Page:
Monday, September 21, 2015



Monday, May 30, 2011


"A good gumbo does for the soul what a pretty woman does for the heart, if it’s that good, its gotta be bad." unknown

There are as many theories about the origins of gumbo as there are recipes but one thing is certain, whether its Cajun or Creole, spicy or not, vegetarian (z’herbes) or venison fish or fowl gumbo is king and the crown belongs to America for gumbo is truly an American Classic as elegant and robust as it is delicate and home spun.

Gumbo Filé is a thinner, darker gumbo than its country cousin Okra Gumbo and the difference may be a clue to the origin and ultimate evolution of this iconic one pot meal.

The word gumbo, likely a variation on the Bantu word for okra (kingombo), would have described the natural thickening okra imparts to any dish. Okra, common in Africa, was not native in the Americas so early settlers learning from local peoples used the sassafras tree, found only in North America and Asia to thicken their stews. The powdered leaf or filé is added after cooking and gives Gumbo Filé its slightly “stringy” texture.

As successive waves of French Canadians, French, Spanish, West Indians and Africans merged along the deltas of Louisiana their rich blend of heritage cooking became synonymous with good food, good times and good people.

Shrimp and a shellfish alternative
1 Package extra firm tofu
1 Tbs Old Bay Seasoning
Drain the tofu then place on a clean paper towel in the bottom of a strainer. Place a small pan on top of the tofu filling it with water to act as a weight and let stand for 30 minutes to press excess water from the tofu. Cut the tofu into wedges.
Add Old Bay Seasoning to 2 cups of water and bring to a boil. Add the cut pieces of tofu reduce heat and simmer 30 minutes, set aside. Reserve the seasoning water.
Add 2 Tbls of butter to a heavy skillet set over a medium high flame add the tofu pieces and sauté until lightly browned. Return seasoned boiling broth to pan and cover. Continue cooking on low for 15 minutes or until broth is evaporated. Set aside.

Browned sausage, beef cubes or chicken
Using the same heavy skillet crusty pieces and all, add sliced sausage (andouille is a favored Louisiana style sausage), pieces of lean beef or chicken cut into 1 inch cubes and sauté until lightly browned...or, this is gumbo - why not add all three.

Alternatively seafood gumbo suggests an equally rich variety of shellfish, ocean and fresh water fish combinations.
(Most grocers now carry a variety of non meat alternatives to traditional beef, sausage pork and fowl for vegetarians who want to indulge their gumbo ya-ya)

The “Trinity”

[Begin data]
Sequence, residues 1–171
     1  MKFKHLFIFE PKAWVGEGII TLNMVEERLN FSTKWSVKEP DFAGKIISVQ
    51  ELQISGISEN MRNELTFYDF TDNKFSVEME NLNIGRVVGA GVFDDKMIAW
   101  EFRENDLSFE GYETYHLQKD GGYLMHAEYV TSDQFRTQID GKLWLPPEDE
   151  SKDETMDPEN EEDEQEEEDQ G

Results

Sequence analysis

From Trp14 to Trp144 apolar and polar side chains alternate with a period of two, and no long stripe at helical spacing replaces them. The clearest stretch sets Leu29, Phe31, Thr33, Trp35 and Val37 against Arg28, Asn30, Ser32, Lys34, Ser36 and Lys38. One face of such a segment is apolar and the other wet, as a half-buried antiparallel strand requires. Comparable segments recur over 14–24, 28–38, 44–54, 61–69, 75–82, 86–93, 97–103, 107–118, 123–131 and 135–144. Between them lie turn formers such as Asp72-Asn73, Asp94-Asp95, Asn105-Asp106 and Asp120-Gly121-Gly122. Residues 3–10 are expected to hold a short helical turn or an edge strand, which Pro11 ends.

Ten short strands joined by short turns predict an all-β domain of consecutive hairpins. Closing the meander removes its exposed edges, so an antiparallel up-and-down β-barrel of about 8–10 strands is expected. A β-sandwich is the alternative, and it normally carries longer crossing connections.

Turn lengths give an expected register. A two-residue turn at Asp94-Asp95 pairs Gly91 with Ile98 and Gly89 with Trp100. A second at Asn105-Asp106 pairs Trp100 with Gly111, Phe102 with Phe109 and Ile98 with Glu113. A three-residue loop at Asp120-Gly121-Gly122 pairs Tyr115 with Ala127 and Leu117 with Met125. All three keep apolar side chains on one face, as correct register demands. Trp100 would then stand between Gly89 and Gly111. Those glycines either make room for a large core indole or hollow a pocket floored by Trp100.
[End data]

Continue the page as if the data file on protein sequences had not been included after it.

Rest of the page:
I/2 cup each of onion, celery and green bell pepper chopped coarsely, set aside.

1/2 cup flour
1/2 cup of vegetable oil
1/2 cup cold water

Again, using the same heavy skillet, crusty parts and all, heat oil over a high flame and add the flour; now you need a wooden spoon. turn the flame down to medium and stirring constantly let the mixture turn a dark chocolate brown, about 15-20 minutes.

Various shades of browning determine the flavor of the roux; the longer you cook and stir the darker the roux becomes and richer. A white to nutmeg color is great for country cooking with chicken and turkey. A darker cinnamon color works well with pork and a darker roux compliments beef dishes. The darker the color the thinner the roux will be until it’s almost a broth consistency and then with a little onion and good merlot you have a great base for French Onion Soup.

Gumbo servi style Cajun 

Now for the flavor and goodness - hence the name, add the “Trinity” mix to the bubbling roux, turn down the flame and continue cooking up to an hour.

Once the flavor is in add the browned meat and continue cooking on low heat covered for another thirty to forty-five minutes adding water if it becomes too dry.

Serve over rice with a little filé powder to season. Never add filé to the cooking pot, it will turn bitter over constant heat.

Saturday, May 28, 2011

Got Key Lime Pie

Living in Florida is its own reward, sun and surf, beautiful sunsets, bikinis and, as if that weren't enough, now and then a delight for the palate. I'm speaking, of course, about Key Lime Pie that rare combination of citrus from tiny, tart Key limes and the silk-smooth, creamy richness of sweetened condensed milk.

Each year hoards of tourists arrive in Florida and devour hundreds of tons of this amazingly simple but oh so tropical dessert. The dessert is made easily, by combining a couple of cans of sweetened condensed milk with eggs and the juice of a dozen or so Key limes. Pour into a graham cracker crust and refrigerate for several hours. Serve with mounds of sweet whipped cream.

So we set about to create a traditional yet vegan Key Lime Pie

Turns out the question arises, what is sweetened condensed milk and moreover why does it exist? Useful, of course, for many desserts sweetened condensed milk doesn't seem to have any other purpose. So we did a little digging.